Feeding America’s Backpack Program

This school year we’ve been participating in the Backpack Program. The program’s intention is to provide meals to food insecure kids during weekends and school breaks when they might not have access to enough food.

Each Friday a bag of food comes home with each of my boys. Friday’s food often looks like this :

Each bag has a boxed meal, a couple packets of oatmeal, a can of fruit ( usually applesauce or mandarin oranges), a can of veggies, a protein( either peanut butter or tuna/chicken), and a can of soup.

The program has been really helpful these past couple of months. Even though the program is centered around children getting enough food, it’s been a help to our whole family. If I had a dollar for every parent who told me they skip meals to make sure their kids eat, I’d be able to feed a whole lot of families. Programs like these usually provide food security for everyone in the household. Some of the food that comes home in the backpacks can easily be used to supplement family meals. I use the canned applesauce as a baking substitute for oil/butter or eggs when they’re in short supply. Canned veggies can be thrown into casseroles , skillet meals, or homemade soups. I use the tomato soup in rice dishes,chili,soups,and things like my own version of this Cabbage and Lentil Skillet Bake. And let’s not forget that weird pierogi casserole I made with the leftover boxed mac and cheese.

Speaking of boxed mac and cheese…

Before the Backpack Program, my kids very rarely had boxed mac and cheese. I’ve come clean before as being a bit of a food snob who had to make major adjustments with a poverty “budget”. I make THE best homemade mac and cheese but there’s no way that’s being made too much in our house these days. I had one recent weekend where I didn’t even have butter or milk for the boxed mac and cheese. I used water instead. Like this:

I am often privy to discussions among “real food” advocates. They talk about boxed mac and cheese as if it’s the worst thing you could ever feed a kid. There is a clear presentation among many that a parent feeding their kid this is not only an idiot but they don’t care at all about their child’s health. Now, I love my homemade gooey,cheesy mac and cheese but I have a real appreciation for the boxed stuff now,too. What some might consider “crappy food” is better than no food at all. With 22% of all children in the U.S. living in poverty (TWENTY TWO PERCENT!),  it’s time to stop pearl clutching over a list of ingredients or even at canned vegetables that don’t meet privileged foodie approval  and just get enough food into these children’s homes. Period.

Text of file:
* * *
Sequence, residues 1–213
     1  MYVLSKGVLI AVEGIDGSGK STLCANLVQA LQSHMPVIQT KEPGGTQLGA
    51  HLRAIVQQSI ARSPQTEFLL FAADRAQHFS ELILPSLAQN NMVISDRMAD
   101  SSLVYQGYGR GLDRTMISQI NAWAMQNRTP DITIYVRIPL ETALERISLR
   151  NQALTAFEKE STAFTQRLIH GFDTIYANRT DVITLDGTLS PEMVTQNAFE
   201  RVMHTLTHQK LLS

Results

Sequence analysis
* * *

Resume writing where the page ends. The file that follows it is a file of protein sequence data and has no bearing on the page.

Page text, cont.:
If you’re interested in supporting programs like the Backpack Program, you can donate hereA $1 donation = 11 meals. You may also donate these items directly to a food bank:


Special thank you to Food Bank of the Southern Tier and Ithaca City School District for helping in my area to put food in low income children’s homes via the Backpack Program.

5 thoughts on “Feeding America’s Backpack Program

  1. I know this is an old post, but I’ve only just discovered your blog. I’ve been admiring your creativity in cooking with the foods you get!

    My family has used food pantries off and on for many years. A trick that I learned from a friend for those days when you have mac and cheese but no milk or butter is to use a 4oz can of tomato sauce (another food pantry staple around here!) A can of cream of chicken or mushroom soup works well, too. Add some canned peas or green beans and canned chicken or tuna (or Spam!) if you’ve got it, and you’ve got yourself a filling meal.

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